I also found myself wondering what would have happened if the therapist had addressed the ‘outer-world’ issue Alex raised. Who are ‘the people behind you’ when you come out? What kind of support is offered by them? To what extent does it depend on continued trans-identification? What might be involved in giving it up? And so on. Of course all this might have led to a similar impasse, but in my opinion, to stay away from a consideration of the outer world because our business as therapists ought to be with the inner world, is to risk missing an important dimension to the trans-narrative. The social acceptance afforded by it can be crucial; especially to people such as Alex who struggle to effectively articulate their feelings in less affirmative, more challenging social settings.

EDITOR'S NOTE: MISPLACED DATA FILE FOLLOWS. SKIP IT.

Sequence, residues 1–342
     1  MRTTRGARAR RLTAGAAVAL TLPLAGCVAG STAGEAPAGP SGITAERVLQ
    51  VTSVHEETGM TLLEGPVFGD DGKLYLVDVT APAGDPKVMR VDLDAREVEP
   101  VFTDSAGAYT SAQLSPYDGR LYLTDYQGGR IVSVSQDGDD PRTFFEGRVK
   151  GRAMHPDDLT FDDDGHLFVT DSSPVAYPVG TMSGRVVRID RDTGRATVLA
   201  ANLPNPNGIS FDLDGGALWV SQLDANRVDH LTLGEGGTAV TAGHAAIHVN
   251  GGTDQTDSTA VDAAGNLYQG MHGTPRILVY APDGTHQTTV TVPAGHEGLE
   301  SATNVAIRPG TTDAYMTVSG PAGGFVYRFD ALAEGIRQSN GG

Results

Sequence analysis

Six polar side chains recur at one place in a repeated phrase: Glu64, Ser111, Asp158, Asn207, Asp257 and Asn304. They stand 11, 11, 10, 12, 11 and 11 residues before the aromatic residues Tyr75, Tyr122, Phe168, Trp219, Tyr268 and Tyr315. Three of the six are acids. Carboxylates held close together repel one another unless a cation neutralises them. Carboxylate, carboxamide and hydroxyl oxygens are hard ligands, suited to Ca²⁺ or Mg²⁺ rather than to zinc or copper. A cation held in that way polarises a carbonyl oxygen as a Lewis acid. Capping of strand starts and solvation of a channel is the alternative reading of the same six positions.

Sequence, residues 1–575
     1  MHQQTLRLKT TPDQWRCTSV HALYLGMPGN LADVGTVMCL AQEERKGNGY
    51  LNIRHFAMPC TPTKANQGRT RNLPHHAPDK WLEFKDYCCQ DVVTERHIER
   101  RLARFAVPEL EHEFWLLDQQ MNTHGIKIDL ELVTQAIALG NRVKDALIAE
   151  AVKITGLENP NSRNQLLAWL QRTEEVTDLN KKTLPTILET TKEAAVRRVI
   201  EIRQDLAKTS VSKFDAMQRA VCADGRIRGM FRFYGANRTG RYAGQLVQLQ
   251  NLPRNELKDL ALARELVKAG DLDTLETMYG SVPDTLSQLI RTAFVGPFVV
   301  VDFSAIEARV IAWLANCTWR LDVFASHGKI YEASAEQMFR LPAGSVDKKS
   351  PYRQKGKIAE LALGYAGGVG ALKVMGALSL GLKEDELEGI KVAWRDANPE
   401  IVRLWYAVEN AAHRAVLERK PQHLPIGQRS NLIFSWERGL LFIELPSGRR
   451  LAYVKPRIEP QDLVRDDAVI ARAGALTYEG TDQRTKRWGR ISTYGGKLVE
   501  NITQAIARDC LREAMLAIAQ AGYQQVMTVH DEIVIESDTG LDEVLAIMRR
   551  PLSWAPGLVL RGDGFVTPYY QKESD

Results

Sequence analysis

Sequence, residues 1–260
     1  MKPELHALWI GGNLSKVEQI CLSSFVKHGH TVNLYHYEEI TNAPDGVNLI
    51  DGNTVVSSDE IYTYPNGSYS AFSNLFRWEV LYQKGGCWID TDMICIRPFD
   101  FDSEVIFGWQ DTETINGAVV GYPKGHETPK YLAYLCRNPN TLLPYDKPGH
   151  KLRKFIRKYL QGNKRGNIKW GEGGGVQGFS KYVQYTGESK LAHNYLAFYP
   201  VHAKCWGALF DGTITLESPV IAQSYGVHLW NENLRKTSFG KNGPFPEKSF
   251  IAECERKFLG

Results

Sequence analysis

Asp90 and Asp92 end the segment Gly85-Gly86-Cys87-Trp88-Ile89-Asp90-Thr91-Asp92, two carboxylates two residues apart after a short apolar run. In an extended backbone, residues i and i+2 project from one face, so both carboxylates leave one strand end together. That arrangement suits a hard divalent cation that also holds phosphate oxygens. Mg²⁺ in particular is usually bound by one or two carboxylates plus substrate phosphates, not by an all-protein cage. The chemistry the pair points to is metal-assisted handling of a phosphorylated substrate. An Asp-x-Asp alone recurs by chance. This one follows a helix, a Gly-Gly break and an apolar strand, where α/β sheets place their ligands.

Some psychosomatic issues

Alex clearly finds therapy helpful despite his difficulty regulating affects associated with conflict. But perhaps there is another way of addressing his emotional issues without directly challenging his trans-narrative and the support associated with it. Alex, we learn, is suffering from chronic fatigue, insomnia, stomach pains due to ‘lactose intolerance’, irritable bowel syndrome, and an unspecified eating disorder. He also self-harms. All of these symptoms could be considered ‘psycho-somatic’ in the sense that they simultaneously involve body and mind. From a Winnicott (1966Winnicott, D. W. (1966). Psycho-somatic illness in its positive and negative aspects. International Journal of Psycho-Analysis, 47(4), 510516. [Google Scholar]) perspective, such psychosomatic symptoms can both express a desire for the return of the disembodied psyche to a state of ‘psycho–somatic’ integrity and the fear that such a return will entail facing unbearable feelings (unregulated affect).